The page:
CICERO - Center for International Climate Research
NO
Meny
TOPICS

Phone: +47 22 00 47 94 /

E-mail: amund.aasbrenn@cicero.oslo.no

Amund has his education from the University of Oslo and holds a master’s degree in mathematics didactics with a specialization in online video teaching. He has worked with communication, video production and social media for the University of Oslo since 2017. He has experience both as a science teacher in the classroom and with science dissemination on video in different forms and styles, and started working for CICERO in September 2021.

Projects

  • AVIATE: How can aviation contribute to a low-carbon society? The AVIATE (Aviation in a low-carbon society) project will provide better understanding of the climate impact of aviation, both for Norway and globally, and explore options for reducing that impact.
  • VOM – insentiver til Virkemidler for Omstilling av Matsystemet Emissions of greenhouse gases must be reduced drastically and rapidly to keep the climate goals in the Paris Agreement within reach. The food system is an important source of emissions, with a major impact on land use, biodiversity, and health.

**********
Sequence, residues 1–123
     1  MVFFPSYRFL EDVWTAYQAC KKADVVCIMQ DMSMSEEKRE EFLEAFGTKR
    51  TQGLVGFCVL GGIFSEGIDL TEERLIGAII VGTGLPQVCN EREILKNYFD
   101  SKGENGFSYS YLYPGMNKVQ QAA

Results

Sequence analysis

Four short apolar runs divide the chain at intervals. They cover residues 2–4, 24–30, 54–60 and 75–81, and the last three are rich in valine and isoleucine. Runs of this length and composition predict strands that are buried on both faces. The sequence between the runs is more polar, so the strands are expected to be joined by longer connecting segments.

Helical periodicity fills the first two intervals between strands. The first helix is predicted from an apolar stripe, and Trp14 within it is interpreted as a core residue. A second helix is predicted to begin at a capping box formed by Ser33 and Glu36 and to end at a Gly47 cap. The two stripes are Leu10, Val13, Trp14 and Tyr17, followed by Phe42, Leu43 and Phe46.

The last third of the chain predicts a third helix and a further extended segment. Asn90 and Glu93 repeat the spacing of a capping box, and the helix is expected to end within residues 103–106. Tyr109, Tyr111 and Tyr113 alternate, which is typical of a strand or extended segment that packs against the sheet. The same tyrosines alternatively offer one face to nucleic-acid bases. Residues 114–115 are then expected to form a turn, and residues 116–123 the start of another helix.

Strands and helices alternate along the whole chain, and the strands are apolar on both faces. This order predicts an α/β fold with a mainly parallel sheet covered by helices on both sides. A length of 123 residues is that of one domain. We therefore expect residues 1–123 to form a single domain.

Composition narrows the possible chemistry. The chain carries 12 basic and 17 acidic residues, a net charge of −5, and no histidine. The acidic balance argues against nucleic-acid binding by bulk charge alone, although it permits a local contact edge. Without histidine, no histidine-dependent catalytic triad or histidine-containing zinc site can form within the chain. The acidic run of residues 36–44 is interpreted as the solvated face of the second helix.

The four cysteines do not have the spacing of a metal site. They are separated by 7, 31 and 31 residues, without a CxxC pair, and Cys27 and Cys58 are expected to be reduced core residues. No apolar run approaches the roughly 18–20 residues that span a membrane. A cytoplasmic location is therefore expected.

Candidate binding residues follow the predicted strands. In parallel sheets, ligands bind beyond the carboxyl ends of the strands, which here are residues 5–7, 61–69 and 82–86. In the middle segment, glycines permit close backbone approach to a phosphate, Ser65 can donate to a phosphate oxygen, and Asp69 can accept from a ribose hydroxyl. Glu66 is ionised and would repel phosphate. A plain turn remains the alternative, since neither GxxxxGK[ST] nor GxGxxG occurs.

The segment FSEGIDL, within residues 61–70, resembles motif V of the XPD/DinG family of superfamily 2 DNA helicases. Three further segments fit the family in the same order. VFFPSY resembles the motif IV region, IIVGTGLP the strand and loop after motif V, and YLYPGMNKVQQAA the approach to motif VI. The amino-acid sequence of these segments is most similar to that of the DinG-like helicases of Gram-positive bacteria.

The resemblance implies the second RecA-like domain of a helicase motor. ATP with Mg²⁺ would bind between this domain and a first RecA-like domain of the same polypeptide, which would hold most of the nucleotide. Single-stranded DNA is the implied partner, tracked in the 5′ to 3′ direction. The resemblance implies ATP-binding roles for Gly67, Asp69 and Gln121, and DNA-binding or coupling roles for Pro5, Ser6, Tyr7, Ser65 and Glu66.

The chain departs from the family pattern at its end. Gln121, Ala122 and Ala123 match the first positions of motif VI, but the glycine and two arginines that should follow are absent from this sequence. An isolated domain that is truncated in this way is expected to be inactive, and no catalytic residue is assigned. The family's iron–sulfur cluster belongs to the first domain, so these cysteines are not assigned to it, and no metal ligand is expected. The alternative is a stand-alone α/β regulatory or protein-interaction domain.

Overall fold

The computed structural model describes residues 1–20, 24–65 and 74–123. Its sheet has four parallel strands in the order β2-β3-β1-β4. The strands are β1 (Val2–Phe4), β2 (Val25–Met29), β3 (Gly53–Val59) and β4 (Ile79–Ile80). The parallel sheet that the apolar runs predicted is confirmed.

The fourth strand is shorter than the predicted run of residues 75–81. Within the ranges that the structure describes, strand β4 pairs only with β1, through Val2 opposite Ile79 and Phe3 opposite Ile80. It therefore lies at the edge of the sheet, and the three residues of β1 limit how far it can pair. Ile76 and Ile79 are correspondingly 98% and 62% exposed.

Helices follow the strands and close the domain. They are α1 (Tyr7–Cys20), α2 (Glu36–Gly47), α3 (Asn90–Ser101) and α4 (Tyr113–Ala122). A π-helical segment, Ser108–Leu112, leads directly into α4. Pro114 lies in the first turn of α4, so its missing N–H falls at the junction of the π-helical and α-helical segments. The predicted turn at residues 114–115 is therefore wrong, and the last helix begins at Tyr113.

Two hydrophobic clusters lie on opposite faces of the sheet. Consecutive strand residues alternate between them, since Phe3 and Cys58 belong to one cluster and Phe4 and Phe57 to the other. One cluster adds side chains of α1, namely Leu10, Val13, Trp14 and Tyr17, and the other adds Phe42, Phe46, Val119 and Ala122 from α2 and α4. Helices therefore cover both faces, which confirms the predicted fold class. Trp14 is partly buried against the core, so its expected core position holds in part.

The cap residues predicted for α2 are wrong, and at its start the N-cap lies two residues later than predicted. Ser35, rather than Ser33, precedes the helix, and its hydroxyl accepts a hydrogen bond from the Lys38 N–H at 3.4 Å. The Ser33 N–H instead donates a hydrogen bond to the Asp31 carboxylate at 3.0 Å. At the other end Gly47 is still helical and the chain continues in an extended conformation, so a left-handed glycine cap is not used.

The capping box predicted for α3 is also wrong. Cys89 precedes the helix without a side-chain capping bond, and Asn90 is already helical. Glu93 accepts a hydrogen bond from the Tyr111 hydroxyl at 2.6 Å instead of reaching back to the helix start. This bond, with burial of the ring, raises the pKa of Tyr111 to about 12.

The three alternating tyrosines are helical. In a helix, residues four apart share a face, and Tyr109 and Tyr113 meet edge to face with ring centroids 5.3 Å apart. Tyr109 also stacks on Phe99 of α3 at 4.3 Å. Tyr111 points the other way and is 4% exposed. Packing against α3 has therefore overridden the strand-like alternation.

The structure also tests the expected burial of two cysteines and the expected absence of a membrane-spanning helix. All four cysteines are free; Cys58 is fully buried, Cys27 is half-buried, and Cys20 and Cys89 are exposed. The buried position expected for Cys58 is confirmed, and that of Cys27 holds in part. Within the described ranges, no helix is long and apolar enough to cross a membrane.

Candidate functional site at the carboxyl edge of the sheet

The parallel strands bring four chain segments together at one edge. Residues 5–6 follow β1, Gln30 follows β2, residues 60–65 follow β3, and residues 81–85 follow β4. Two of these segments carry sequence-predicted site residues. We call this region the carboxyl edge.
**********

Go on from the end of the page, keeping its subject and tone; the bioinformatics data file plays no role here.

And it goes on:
• CATHY Emissions of Asian Anthropogenic Aerosols (A3) are rapidly changing - most notably black carbon and sulphate aerosol precursors from India and China. The resulting range of climate impacts and societal hazards may dominate regionally over greenhouse gas induced trends for the next several decades, but the implications are as yet insufficiently explored. CATHY (Climate implications of rapid changes in Asian Anthropogenic Aerosol emissions: Temperature, Hydrological cycle and variabilitY) tackles the urgent need for quantifying climate related hazards resulting from ongoing and projected changes in A3 emissions.
  • ARIDITY Dust is the most abundant species of aerosol in the atmosphere. While mineral dust from deserts is the largest source, an important but less well-studied component is soil dust from sparsely vegetated surfaces. Commonly referred to as “anthropogenic dust”, arising from the influence of human activities on land surfaces and subsequent increase in wind erosion and dust emissions, this source is believed to contribute a substantial fraction to the total global dust load. However, the contribution and climate impact of anthropogenic dust, through interactions with radiation, clouds and precipitation, is poorly quantified.

Web articles

  • Global warming on a steady course In a recent study published in Nature Communications, international scientists have taken on a persistent problem in climate science: near-term climate evolution.